As a New York City expat living in Minneapolis, I’ve had some eye-opening experiences around the cultural differences between the East Coast and our fair Middle West. While some local practices were easier to embrace (9-5 work hours, cheese curds, Bloody Marys that come with a beer chaser) adapting to others have proven to be a bit more challenging.
As part of my own little sociological experiment, I began compiling a mental scorecard of wins and losses for each region. Here are a few of my initial observations:
Minnesota - If you’re five minutes early, you’re on time. If you’re on time, you’re five minutes late. If you’re late, you’re starting off on the wrong foot, don’t-cha-know.
New York - A 5-10 minute grace period is customary for all in-person (non-financial world, natch) meetings. Mostly because actually having a train pull up at your intended departure time is as likely finding a 1500 square foot rent-controlled apartment in the West Village.
(And don’t get us started on San Francisco, where time is but a concept…)
I have to give Minnesota the upper hand on this one. Why? Because, although it requires extra discipline, being on time (or even a little bit early) is the thumbs-up emoji of behaviors. It doesn’t garner much attention, and it’s rarely misinterpreted. While there are some people who don’t get worked up about timing, there is a large group of others to whom it matters a great deal. It’s a safer bet to assume the person you’re meeting with is the latter. Plus, by establishing timeliness as your M.O, you’ve earned a “get out of jail free” card for the day that your best-laid punctual plans are thrown by an unforeseen circumstance like a traffic jam or a stalled-out F train. (Seriously, will the F train ever be reliable?)
Minnesota: Have you considered…? Did you check into…? Maybe you could…?
New York: Do X. Try Y. Call Z.
I recently attended a local networking event designed to help attendees with business challenges. We were all encouraged to write down advice for other participants, which we handed in on notecards at the end of the session. Great format. After receiving my cards back from others, I noticed a difference in their cards from the ones that I submitted: all the advice I offered ended in periods. Most of theirs ended in question marks. It gave me a moment’s pause: had I been too direct?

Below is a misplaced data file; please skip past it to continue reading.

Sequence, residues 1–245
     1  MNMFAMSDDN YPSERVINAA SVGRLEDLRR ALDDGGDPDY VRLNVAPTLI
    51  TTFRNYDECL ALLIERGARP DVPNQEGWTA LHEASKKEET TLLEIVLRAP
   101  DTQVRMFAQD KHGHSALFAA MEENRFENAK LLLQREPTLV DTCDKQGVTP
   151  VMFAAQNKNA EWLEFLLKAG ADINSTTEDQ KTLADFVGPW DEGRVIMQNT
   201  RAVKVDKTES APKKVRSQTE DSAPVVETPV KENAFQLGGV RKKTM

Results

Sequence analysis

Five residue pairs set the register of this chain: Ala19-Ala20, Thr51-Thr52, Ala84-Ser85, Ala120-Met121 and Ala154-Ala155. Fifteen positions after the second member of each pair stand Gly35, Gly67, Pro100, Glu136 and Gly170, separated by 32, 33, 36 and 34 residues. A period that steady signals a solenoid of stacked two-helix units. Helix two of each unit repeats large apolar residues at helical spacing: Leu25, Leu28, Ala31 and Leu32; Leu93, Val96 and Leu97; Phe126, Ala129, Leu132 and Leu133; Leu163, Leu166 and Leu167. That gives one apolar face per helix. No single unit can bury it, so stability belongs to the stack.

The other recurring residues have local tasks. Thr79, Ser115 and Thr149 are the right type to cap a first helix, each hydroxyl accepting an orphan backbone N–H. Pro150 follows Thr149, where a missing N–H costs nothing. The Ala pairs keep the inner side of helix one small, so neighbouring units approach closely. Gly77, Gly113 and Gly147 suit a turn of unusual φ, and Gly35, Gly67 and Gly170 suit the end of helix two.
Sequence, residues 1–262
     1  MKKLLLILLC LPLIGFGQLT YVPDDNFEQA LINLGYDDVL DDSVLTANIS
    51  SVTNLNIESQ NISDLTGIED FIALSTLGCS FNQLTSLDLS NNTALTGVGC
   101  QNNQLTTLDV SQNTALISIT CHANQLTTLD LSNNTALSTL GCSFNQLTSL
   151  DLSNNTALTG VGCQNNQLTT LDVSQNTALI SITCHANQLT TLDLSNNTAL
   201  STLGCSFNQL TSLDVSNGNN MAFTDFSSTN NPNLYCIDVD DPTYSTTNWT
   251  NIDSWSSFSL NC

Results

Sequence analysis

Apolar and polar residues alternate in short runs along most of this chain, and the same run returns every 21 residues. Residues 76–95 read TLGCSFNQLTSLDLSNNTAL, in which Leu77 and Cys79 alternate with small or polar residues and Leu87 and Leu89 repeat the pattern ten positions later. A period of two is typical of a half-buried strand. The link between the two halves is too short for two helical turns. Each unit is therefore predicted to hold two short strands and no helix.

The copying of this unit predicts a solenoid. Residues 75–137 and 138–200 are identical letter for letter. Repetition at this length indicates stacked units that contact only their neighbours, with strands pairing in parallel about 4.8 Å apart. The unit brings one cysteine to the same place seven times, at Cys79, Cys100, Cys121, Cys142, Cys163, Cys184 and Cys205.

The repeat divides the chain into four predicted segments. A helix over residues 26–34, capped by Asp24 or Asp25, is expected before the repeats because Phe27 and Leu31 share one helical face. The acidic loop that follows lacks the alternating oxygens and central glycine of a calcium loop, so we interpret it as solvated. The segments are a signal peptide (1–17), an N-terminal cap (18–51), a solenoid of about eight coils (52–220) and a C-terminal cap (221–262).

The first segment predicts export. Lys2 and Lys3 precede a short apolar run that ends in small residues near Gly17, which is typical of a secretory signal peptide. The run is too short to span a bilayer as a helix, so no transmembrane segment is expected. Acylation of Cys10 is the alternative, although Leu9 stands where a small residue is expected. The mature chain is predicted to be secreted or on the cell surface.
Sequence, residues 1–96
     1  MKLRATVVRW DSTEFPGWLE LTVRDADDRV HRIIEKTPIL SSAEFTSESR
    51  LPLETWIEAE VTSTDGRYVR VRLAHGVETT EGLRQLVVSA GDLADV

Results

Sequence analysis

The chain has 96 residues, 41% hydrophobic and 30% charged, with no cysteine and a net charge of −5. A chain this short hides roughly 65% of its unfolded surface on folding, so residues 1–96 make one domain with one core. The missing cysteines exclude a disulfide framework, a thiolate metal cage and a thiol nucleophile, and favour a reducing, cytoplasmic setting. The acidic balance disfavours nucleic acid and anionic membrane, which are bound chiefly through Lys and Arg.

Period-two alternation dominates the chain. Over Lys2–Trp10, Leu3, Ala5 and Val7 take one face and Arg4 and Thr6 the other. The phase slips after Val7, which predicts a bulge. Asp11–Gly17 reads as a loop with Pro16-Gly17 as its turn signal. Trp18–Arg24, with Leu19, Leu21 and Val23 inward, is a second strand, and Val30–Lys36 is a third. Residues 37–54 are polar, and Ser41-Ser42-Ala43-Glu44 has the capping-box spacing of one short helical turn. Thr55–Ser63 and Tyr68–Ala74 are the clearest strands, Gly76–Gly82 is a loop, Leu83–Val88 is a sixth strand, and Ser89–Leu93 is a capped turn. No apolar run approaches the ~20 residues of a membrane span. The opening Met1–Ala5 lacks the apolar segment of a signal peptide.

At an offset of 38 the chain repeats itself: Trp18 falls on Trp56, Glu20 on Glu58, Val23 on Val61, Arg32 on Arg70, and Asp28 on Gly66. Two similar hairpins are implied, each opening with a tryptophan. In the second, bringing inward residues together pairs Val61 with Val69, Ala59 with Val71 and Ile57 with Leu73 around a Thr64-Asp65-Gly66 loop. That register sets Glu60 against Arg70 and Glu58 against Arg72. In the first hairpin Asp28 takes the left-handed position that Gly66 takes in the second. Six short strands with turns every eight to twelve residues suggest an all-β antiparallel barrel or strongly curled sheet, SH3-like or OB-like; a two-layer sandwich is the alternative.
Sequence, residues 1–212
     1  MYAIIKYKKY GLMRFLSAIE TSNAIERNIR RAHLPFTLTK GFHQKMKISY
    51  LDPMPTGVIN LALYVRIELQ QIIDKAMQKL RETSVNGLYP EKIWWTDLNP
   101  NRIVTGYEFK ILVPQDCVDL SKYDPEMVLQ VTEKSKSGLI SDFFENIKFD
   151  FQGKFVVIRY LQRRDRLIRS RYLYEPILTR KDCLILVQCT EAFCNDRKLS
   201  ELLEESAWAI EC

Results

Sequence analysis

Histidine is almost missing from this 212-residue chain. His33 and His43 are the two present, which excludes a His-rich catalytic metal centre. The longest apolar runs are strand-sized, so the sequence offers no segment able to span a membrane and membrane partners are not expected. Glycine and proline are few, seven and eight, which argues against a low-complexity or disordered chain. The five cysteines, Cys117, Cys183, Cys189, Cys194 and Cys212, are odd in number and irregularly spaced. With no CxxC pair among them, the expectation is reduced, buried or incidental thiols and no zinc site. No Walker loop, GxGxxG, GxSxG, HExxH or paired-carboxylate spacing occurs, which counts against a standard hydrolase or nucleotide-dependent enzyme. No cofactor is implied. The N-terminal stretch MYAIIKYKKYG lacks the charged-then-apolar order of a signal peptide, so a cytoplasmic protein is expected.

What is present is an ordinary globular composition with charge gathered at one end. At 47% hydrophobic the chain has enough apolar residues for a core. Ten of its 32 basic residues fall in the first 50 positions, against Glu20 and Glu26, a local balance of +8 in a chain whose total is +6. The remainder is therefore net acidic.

After some thought, I think the sweet spot lies somewhere in the middle. In order to help someone else solve a problem, the first step is to ask enough open-ended questions to truly understand it. At this networking event, once the problem was shared, the group had 90 seconds to ask “clarifying questions” (no advice allowed!) in order to better understand the issue at hand. Only then, could we offer our solutions. So, come out of the gates with the Minnesota approach and be a curious, inquisitive advisor - and, most importantly, a good listener. Then, you can put your New Yorker hat on and give it to them straight. If a person has come to you for advice, chances are they won’t be offended if you give it. And by asking the right questions, you’ll be better equipped to give them advice that is truly useful.
FOUR WAY STOP SIGNS:
Minnesota - Everyone sits patiently waiting for someone else to make a move until a) one person finally decides the importance of reaching their destination outweighs the possibility of being considered rude or b) everyone sits politely waving each other on until they die.
New York - 1) Tap break 2) Quickly evaluate other drivers for signs of weakness 3) Mentally proclaim dominance of the streets 4) Mash pedal to the metal 5) Lay on horn to keep other drivers at bay
Because although you can often hear an anguished “PLEEEEASE GOOOOOO” reverberating from deep inside my momtastic MN-licensed Subaru, the chance of having of a near-death experience at an intersection seems much less likely here (though being killed by kindness is a distinct possibility).
Minnesota - I once saw a t-shirt that said “Keep Minnesota Passive Aggressive. Or don’t. Whatever you think is best.” The fact that this t-shirt exists says it all.
New York - Say what you mean, mean what you say, get the hell on with your day.
Winner: New York.
At best, passive aggressive language motivates people to action out of icky places, like guilt, obligation or pity. At worst, it breeds ambiguity and fuels resentment. As someone who is polite to a fault, I admit that I have struggled with this in the past. Somehow the passive aggressive route felt a little nicer, a little less in-your-face. I’ve since come to understand that being more direct is actually the kinder way to go because it’s more efficient - and really, what commodity is more valuable than people’s time? Sarah and I often give each other a passive-aggression check on our emails before we hit send. Regardless of where you live, if you’re ever in doubt, I recommend finding a straight-shooting friend/colleague to do the same.